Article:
Bookmark   March 28, 2013 at 8:47AM
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artvandelay999(Zone 8 TX)

Surfbreeze has the correct answer. Elaeagnus or Dwarf Burford Holly. Another thing that would work is Viburnum Suspensum.

    Bookmark   March 28, 2013 at 9:56AM
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wantonamara Z8 CenTex

Your lucky that it is 12". . you have some soil to work with. I have hired a friend with a jack hammer to cut in large shrubs. It made all the difference. He dug that large hole in 10 minutes. I suggest the salvia regla. It will love your soil. Blooms in spring and fall and if happy can get 6' tall. I had one go 8' but now it got trimmed back because it is by a path. I am out now in the uplands west of Austin and rocky limy bedrocky is what I have . My shade is thin shade from not very tall live oaks. I grow salvia madrensis, evergreen sumac, aromatic sumac, salvia gregii in the shade.

    Bookmark   March 28, 2013 at 2:01PM
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Red tip photenia

    Bookmark   March 28, 2013 at 7:25PM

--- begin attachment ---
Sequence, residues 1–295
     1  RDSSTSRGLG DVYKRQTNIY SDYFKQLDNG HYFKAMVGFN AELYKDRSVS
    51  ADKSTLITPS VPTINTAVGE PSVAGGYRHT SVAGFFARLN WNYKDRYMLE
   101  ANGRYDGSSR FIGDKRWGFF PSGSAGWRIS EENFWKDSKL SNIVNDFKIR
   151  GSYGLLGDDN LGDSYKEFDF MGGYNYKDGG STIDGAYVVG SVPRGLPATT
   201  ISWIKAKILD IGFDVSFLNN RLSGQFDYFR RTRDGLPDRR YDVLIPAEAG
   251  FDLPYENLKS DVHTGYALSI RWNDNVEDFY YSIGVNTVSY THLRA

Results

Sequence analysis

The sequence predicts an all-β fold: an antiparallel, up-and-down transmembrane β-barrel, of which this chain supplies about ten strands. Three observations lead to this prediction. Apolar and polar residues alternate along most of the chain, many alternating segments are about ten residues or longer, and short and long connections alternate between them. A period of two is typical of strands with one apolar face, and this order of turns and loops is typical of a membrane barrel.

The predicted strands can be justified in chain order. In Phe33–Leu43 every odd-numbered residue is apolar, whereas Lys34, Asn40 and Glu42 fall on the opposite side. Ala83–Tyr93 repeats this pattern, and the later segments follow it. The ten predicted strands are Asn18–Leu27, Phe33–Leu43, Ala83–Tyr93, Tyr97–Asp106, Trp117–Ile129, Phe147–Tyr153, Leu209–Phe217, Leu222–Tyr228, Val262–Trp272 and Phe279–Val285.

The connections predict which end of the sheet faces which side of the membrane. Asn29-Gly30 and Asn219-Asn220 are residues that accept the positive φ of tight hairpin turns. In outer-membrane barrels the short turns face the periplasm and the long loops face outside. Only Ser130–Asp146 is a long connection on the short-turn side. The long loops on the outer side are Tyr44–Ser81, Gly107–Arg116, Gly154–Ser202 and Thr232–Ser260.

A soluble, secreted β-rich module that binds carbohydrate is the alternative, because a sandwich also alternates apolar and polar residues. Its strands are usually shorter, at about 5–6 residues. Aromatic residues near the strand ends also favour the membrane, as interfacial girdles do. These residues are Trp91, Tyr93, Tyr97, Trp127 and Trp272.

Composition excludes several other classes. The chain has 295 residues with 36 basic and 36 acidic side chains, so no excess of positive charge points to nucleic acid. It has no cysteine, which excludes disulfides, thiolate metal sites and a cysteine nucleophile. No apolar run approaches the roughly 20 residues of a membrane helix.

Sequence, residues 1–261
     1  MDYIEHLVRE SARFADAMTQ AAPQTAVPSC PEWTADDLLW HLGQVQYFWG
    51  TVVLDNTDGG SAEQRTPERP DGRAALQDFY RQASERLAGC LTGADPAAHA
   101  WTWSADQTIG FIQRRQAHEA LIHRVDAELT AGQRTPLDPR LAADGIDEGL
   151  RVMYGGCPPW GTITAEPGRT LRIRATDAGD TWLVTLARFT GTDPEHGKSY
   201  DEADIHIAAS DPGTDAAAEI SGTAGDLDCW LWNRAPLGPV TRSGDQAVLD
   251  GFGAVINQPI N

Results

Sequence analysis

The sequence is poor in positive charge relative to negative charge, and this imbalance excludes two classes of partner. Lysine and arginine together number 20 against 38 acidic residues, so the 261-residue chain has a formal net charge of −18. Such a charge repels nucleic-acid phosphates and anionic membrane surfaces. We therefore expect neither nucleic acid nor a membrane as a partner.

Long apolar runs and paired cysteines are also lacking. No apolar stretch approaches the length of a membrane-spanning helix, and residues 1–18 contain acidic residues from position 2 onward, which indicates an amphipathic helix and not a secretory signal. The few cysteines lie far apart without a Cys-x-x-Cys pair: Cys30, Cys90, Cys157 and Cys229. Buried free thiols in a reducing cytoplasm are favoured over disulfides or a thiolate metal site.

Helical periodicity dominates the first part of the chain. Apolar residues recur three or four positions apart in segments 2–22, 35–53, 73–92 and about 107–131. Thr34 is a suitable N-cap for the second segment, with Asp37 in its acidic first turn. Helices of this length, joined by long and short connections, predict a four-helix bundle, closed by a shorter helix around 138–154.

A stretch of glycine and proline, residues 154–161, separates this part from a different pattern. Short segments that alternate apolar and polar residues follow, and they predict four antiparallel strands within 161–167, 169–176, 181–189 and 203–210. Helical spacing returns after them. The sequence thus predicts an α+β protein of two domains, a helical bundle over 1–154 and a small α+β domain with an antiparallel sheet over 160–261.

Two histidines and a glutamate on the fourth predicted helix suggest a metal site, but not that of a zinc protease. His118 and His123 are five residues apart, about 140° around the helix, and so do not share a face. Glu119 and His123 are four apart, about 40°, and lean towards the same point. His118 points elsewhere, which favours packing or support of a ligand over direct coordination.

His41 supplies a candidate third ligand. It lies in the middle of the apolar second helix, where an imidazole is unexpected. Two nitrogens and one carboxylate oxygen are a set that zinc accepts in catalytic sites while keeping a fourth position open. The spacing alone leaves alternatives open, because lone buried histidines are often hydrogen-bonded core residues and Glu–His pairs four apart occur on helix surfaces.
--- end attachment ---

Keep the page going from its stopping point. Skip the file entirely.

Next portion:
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My mexican fire bush has never been a problem with any drought or living in my backyard. I does die back if frozen but usually grows to well over 6 feet by summer. If not frozen back it can get much larger. It gets mostly afternoon sun.

    Bookmark   March 30, 2013 at 2:32PM
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I have a similar area planted with beautyberry, yarrow, and irises. Beautyberry can be very shrub like if you prune it. The irises bloom before the beautyberry leaves grow back, so there is both spring and fall interests.

    Bookmark   April 1, 2013 at 12:27PM
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For total shade Holly Fern is a good choice, evergreen and lush looking. I also have inland sea oats in a very shaded area and is also very lush looking. Turks caps do well in both shade and sun.

    Bookmark   April 3, 2013 at 11:28AM
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I have some very attractive cleyera growing in complete shade on the north side of my house. The cleyera have quite a bit of variation in the leaves to add some interest.

    Bookmark   April 5, 2013 at 11:22AM